I guess in all of this, the one thing that I never mentioned was that a chef's knife might not be the only choice for you: if you're doing 90% veggies and already have a chef's knife, it might be worth trying a Nakiri or even a Chinese style chef's knife AKA slicing cleaver. Some people people think square is beautiful, and some people cant stand not having a traditional point on the end of the blade. If you think that they are at least interesting, then it might be worth trying out something different.

  5. #15
    Japan Woodworker has the Akifusa knives, which I've heard are pretty nice. I looked at them in person briefly and they looked to have a decent grind and distal taper. They're also fairly well priced. I think they call them the "Artisan" series at Japan Woodworker. You could also pick up Bester stones, Kings (like the 1200), among some other stones if you go there.

  6. #16
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    If you go the Carter route as Justin said (which I think is a great choice) Carter makes awesome knives. PM me first and I'll help you with the discount.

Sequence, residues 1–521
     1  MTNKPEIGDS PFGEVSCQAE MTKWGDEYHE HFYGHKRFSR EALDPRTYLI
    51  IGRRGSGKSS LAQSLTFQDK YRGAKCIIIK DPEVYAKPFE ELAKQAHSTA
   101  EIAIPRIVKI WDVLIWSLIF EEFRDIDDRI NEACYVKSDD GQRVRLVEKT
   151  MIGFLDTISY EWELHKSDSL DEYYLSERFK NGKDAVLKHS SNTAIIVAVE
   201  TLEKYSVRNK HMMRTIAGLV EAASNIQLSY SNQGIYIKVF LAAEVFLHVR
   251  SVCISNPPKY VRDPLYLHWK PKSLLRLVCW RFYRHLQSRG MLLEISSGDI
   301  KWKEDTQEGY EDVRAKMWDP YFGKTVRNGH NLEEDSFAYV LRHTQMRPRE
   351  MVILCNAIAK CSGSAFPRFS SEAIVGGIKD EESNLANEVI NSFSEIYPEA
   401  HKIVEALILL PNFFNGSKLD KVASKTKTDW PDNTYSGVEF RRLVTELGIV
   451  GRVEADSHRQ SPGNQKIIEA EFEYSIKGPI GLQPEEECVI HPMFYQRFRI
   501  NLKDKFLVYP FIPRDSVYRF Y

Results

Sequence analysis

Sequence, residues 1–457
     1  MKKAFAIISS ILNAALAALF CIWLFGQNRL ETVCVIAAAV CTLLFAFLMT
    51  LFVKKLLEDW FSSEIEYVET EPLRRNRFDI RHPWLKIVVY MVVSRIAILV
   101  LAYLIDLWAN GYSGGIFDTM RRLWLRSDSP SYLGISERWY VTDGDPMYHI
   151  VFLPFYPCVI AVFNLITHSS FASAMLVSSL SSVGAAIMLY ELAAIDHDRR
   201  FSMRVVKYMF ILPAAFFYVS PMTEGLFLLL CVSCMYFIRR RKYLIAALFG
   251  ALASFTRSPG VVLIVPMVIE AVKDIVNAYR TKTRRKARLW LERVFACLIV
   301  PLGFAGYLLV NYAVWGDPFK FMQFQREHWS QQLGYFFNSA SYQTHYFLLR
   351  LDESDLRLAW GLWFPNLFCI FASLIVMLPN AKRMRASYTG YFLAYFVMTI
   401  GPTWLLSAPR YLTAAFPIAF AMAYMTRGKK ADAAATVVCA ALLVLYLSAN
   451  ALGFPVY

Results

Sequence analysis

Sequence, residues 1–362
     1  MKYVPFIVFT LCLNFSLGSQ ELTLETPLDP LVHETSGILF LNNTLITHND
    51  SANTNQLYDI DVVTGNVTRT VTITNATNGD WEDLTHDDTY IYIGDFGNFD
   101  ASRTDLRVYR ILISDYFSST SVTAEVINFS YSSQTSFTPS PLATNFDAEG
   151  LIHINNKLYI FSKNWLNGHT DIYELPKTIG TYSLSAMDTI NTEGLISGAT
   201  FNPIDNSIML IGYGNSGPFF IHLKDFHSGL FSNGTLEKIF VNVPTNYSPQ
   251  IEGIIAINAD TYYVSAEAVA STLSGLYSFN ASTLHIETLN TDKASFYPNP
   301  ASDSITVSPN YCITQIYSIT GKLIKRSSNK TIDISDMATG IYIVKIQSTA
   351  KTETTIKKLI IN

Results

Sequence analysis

7. #17
    You want an Ikeda

  8. #18
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    Ikeda???
    Spike C
    "The Buddha resides as comfortably in the circuits of a digital computer or the gears of a cycle transmission as he does at the top of a mountain."
    Pirsig

  9. #19

  10. #20
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    I think Akifusa is more helpful than Ikeda. That's like telling someone to buy a knife by Bill without giving a last name.
    Spike C
    "The Buddha resides as comfortably in the circuits of a digital computer or the gears of a cycle transmission as he does at the top of a mountain."
    Pirsig